Honors | Ideas & Experience I
H211 | 17529 | Julia Bondanella


H211 acquaints you with writings from early Western culture, from
classical antiquity and Biblical times to the Renaissance.  Class
explorations focus upon writers who have engaged in an ongoing
debate that has shaped Western values; they are designed to make you
think about how and why Western values have changed over time, and
where they have remained the same.  This course can help you analyze
how you have come to hold the views that govern your behavior and
your choices. It offers you different models of thinking and of
behavior, along with ways of responding to some of the basic
questions human beings have always asked about life in this world
and beyond.

 Do human beings have special responsibilities as individuals? As
members of a society?
 What is the relationship between our emotions and our
intelligence?
 What should define our relationship to the natural world?
 What does it mean to be good or wicked?
 What should a leader be like?  What makes a person a hero or
heroine?
 How can we educate people so that they develop good values and
become productive citizens, if that is a goal?

This seminar is an intensive writing class.  The reading in this
seminar will help you continue to improve your ability to read
challenging texts and understand complex issues; the writing
assignments will enable you to practice your analytic skills and
explore ways of improving your writing and thinking; the class
discussions will help you learn to articulate your ideas in front of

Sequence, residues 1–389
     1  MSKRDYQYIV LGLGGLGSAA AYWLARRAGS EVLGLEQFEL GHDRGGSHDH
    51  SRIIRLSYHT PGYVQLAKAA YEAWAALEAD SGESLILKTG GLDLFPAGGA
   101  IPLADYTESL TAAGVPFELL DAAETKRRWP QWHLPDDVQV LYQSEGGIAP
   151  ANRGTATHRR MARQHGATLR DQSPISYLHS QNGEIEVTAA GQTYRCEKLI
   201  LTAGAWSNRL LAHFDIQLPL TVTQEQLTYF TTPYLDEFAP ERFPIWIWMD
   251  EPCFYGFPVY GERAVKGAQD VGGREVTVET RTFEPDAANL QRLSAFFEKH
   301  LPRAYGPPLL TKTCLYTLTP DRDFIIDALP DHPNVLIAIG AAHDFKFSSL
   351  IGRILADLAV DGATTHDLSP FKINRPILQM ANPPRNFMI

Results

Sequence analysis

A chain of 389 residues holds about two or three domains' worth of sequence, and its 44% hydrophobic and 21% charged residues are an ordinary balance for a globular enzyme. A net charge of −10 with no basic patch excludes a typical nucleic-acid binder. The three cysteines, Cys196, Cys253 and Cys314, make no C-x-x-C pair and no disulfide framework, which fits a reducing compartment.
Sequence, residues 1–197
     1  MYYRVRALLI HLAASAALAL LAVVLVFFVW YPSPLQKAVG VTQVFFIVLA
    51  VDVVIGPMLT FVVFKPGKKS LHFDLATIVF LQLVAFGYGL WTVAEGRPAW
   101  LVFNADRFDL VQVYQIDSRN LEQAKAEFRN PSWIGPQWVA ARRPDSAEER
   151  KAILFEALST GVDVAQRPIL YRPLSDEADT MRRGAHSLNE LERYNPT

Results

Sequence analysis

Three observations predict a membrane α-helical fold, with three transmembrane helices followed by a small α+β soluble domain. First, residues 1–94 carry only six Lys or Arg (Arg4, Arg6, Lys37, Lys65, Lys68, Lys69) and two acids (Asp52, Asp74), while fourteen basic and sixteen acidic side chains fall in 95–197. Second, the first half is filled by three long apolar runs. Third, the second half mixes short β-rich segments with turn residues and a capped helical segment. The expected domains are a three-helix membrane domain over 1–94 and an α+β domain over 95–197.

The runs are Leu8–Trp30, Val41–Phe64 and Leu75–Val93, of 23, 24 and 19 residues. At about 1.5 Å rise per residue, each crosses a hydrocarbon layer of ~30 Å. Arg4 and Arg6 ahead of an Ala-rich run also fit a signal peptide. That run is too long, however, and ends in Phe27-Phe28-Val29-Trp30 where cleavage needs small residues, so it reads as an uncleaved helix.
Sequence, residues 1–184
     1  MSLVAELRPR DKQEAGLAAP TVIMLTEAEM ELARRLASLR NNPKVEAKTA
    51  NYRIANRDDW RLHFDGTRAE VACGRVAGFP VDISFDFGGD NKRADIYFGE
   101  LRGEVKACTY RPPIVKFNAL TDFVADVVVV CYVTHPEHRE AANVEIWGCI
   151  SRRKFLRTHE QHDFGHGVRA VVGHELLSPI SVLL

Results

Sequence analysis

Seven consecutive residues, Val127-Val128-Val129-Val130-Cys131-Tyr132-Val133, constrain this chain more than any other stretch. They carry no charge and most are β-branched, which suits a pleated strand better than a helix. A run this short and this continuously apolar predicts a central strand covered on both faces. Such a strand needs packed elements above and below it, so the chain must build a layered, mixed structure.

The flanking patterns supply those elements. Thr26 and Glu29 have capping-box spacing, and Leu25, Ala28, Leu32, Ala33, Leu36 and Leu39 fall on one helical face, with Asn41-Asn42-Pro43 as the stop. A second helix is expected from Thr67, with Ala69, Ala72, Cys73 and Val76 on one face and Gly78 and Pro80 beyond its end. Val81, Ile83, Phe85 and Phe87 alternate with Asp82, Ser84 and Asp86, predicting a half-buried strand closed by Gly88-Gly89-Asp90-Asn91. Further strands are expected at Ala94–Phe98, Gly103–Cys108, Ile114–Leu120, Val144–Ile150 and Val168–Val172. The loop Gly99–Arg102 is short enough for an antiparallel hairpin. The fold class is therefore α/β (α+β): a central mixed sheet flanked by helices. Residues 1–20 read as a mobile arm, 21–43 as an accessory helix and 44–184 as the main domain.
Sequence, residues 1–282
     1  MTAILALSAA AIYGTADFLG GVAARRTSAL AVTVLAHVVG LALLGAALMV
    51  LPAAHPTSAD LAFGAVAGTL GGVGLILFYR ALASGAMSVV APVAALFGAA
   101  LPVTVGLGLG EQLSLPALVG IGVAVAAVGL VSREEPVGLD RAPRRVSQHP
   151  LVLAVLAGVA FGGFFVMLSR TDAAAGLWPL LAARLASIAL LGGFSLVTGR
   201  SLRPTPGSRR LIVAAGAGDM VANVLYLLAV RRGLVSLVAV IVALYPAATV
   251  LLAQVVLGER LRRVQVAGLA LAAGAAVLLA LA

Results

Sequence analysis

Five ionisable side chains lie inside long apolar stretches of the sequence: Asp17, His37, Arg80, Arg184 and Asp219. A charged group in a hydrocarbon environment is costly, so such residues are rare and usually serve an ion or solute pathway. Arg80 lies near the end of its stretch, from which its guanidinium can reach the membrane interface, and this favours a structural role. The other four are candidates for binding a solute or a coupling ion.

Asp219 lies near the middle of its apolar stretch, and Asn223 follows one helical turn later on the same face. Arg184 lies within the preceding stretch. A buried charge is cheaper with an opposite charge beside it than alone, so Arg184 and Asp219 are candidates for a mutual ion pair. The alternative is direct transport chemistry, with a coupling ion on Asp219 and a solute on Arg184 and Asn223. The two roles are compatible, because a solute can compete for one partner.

other people and to evaluate diverse points of view in a tolerant
fashion.  You will write several short commentaries and 34
analytical essays of  45 pages. You may always revise your papers,
if you are not satisfied with the results.  You are required to
rewrite at least one essay. There will be no final examination.  If
you have any questions, please write me at bondane@indiana.edu

Readings
Each of the following texts expresses a particular vision of human
life and human possibilities as well as a specific approach to human
problems; each text also relates in some significant ways to others
being read. You will be able to gain an appreciation of the
interconnectedness of your tradition--the way artists and writers
have learned from and interacted with their predecessors as well as
the significance of the past in our own lives and thinking.  You
should become aware of what it has meant to be an original thinker
or writer (up to this century).

Reading assignments will be made each class period and will include
entire texts or significant portions of complete texts. All the
texts below are in paperback.

Note: This list is subject to small changes.  You should have read
Genesis 1-3 from a Bible, either the Revised Standard Version or the
King James for the first class. The King James Version or the
Revised Standard Version of the Bible is preferred.  You can find
the RSV at the following url:

http://www.hti.umich.edu/r/rsv/browse.html

Euripides, Euripides: Medea, Hippolytus, Electra, Helen (trans.
Morwood), Oxford Univ. Press  (ISBN: 0192824422
Plato, The Republic (trans. Waterfield), Oxford Univ. Press  (ISBN:
0192833707)
Virgil, The Aeneid (trans. Fitzgerald), Random House, Vintage
(ISBN:  0679729526)
Dante, Inferno (trans. Hollander & Hollander), Anchor Books (ISBN:
0385496982)
Boccaccio, The Decameron (trans. Musa & P. Bondanella), New American
Library, Mentor  (ISBN:  0451627466).  Second edition only.
Machiavelli, The Prince (ed. & trans. P. Bondanella), Oxford Univ.
Press (ISBN:  019280426-X)
Cellini, Benvenuto, My Life (trans. Bondanella & Bondanella), Oxford
Univ. Press  (ISBN: 0-19-282849-5)